Dear Editor,

The implementation of policies to regulate tobacco advertising is one of the most cost-effective measures to fight against smoking and the nicotine consumption epidemic. As outlined in Article 13 of the World Health Organization Framework Convention on Tobacco Control1, these policies should spread over all forms of commercial communication that directly or indirectly promote any novel nicotine product or its use.

However, for over a decade, the use of novel nicotine products has spread around the world, including products such as electronic nicotine delivery systems (ENDS), heated tobacco products (HTPs), and nicotine pouches, among others. The recent irruption of these products into the market sector exposed a loophole in the legislation. The tobacco industry has taken advantage of it by advertising and promoting these new forms of nicotine consumption like any other consumer product. Some examples can be found as explicit advertising or as product placement in films, television, social media, and sports sponsorships2,3. This loophole exploitation is one of the main factors that has contributed to the popularity and increased consumption of these novel nicotine products in recent years, especially in the younger population4,5.

The situation escalated reaching such a point that four years ago the use of ENDS among youth was declared an epidemic in the USA6. Although some laws exist7, in some cities of Europe we could still find ENDS and HTP advertising in public areas, such as those found in London this spring or Girona (Catalonia) right before the pandemic, besides non-compliance with the anti-smoking regulation (Figures 1A and 1B). Furthermore, the tradition continues as shops selling novel tobacco products sometimes have point-of-sale promotion displaying unregulated full-sized advertisements in the front window, as found in Vienna this summer (Figure 1D) and in Florence in 2022 (Figure 1C), or digital advertising that can still be found on the Internet as of today (Figure 1D).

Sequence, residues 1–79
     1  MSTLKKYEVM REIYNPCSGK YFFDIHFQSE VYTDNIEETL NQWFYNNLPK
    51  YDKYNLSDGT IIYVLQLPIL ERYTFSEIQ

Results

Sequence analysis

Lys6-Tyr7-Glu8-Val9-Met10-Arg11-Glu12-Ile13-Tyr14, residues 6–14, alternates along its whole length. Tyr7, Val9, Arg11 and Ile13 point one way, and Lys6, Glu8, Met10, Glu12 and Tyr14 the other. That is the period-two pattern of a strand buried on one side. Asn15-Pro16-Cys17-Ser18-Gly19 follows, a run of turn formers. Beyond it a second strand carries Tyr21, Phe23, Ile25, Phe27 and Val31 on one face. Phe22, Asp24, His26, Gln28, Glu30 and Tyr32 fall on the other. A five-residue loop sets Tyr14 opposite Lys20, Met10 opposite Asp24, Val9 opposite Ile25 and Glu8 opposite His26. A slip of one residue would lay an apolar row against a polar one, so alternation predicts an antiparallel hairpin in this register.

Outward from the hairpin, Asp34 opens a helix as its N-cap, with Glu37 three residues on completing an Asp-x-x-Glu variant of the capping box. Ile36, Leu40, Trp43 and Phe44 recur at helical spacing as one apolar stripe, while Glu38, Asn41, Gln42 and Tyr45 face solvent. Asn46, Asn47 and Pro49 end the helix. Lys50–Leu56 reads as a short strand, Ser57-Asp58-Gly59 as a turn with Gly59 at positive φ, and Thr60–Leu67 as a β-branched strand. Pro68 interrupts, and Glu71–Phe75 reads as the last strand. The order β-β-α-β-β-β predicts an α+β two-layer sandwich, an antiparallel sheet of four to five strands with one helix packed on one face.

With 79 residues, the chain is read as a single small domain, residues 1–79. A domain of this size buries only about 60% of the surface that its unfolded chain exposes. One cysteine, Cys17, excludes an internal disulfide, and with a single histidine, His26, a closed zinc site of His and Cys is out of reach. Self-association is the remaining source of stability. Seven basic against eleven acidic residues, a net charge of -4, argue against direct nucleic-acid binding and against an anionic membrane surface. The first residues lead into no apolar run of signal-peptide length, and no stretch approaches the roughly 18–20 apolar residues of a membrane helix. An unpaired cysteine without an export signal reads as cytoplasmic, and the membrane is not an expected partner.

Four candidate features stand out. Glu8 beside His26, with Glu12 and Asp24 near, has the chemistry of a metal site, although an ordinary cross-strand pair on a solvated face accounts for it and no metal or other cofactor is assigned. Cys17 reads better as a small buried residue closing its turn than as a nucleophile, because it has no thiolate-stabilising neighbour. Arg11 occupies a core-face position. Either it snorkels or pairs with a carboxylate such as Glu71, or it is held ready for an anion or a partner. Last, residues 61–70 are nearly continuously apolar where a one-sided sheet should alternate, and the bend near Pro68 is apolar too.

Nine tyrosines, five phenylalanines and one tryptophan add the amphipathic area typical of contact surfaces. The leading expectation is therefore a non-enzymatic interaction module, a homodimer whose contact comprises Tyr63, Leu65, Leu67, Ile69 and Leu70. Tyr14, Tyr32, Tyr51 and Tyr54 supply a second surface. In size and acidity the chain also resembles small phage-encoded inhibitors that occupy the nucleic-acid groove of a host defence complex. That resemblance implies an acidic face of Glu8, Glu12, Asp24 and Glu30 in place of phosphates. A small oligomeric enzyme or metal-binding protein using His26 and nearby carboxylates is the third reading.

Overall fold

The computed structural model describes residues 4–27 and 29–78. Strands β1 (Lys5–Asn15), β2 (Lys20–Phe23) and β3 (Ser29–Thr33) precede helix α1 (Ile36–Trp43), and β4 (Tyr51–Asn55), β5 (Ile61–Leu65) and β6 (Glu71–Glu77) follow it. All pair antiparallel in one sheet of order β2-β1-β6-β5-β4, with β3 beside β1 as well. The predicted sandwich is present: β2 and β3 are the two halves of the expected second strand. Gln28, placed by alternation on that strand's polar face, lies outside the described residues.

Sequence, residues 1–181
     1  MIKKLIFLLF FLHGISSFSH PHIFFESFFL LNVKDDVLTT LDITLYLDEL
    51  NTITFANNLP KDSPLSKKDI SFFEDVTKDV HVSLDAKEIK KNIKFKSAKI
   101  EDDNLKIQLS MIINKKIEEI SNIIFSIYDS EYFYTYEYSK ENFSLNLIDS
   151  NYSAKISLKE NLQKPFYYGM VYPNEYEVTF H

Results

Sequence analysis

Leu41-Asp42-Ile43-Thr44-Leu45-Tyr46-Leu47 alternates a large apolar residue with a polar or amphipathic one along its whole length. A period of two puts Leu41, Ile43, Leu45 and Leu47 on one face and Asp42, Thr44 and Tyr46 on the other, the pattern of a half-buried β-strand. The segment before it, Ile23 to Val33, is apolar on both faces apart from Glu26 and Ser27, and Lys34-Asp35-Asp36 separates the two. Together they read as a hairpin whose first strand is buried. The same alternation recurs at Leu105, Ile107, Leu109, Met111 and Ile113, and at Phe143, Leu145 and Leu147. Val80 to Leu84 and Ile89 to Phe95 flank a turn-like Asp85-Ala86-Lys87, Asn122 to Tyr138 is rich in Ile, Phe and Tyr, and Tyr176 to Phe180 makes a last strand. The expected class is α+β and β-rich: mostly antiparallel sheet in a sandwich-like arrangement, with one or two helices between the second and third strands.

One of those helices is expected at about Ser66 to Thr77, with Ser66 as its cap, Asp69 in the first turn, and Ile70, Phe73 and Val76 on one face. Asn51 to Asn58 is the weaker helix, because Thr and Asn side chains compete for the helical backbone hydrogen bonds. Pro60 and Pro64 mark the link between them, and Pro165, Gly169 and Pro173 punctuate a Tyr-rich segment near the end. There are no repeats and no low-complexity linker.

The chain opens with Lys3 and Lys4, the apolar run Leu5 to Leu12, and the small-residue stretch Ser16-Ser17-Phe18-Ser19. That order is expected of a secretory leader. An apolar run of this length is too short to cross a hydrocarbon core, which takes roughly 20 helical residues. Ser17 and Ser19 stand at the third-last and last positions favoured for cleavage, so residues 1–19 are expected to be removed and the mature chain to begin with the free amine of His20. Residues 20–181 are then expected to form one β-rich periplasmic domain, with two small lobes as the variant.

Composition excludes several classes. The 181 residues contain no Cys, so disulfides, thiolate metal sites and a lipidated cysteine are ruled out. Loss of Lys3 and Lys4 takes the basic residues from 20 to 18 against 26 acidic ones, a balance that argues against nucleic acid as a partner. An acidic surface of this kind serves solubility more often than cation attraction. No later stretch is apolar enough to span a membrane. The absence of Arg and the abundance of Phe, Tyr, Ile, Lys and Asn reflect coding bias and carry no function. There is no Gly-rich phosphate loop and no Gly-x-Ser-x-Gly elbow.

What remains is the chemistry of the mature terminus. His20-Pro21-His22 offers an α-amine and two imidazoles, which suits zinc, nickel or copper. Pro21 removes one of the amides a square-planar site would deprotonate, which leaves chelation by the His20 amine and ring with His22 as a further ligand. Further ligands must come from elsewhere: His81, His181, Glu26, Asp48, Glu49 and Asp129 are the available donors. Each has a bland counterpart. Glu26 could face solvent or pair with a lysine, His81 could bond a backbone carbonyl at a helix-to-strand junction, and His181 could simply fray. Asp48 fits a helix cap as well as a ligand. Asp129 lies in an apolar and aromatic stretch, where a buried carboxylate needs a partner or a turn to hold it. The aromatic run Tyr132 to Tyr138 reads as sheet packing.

Figure 1

A) Advertisement in Gray’s Inn Road near King’s Cross Station in London, UK. B) Advertisement a few meters away from the city’s courthouse entrance, the Palau de Justícia in Girona, Catalonia, Spain. C) Advertising for HTP in the front window of a shop in Via della Vigna Nuova, a street next to Via de’ Tornabuoni, a luxurious shopping street in the historic center of Florence, Italy. D) Screen captures of digital advertising in Spanish of HTP in an entertainment online magazine and digital national newspaper

Advertisements remain a trigger that favors the consumption of novel nicotine products, which can have lasting harmful effects on health8, especially when exposed from a very early age9. Instead of decreasing the prospects of smoking conventional tobacco, the use of novel nicotine products seems to increase its likelihood, particularly among youth10. This reflects the importance of public health surveillance and the implementation of prevention and control programs. Measures such as limiting where and how they are advertised and sold could help mitigate the effects on today’s youth, preventing consumption in future generations. Despite the emerging new policies regulating novel nicotine products in Europe, Canada, and the USA, most existing strategies targeted conventional tobacco. Nonetheless, recently new advances are being made to properly regulate them in some EU member states5, a trend others should follow.

Explicit and up-to-date advertising regulations of novel nicotine products, adapting to anticipate the commercial interests of tobacco companies, are necessary in view of the current passivity and waywardness, ensuring thereafter compliance with the law. The weight of this responsibility falls not only on the governments to establish laws, but on communities and cities to see that regulations are properly implemented.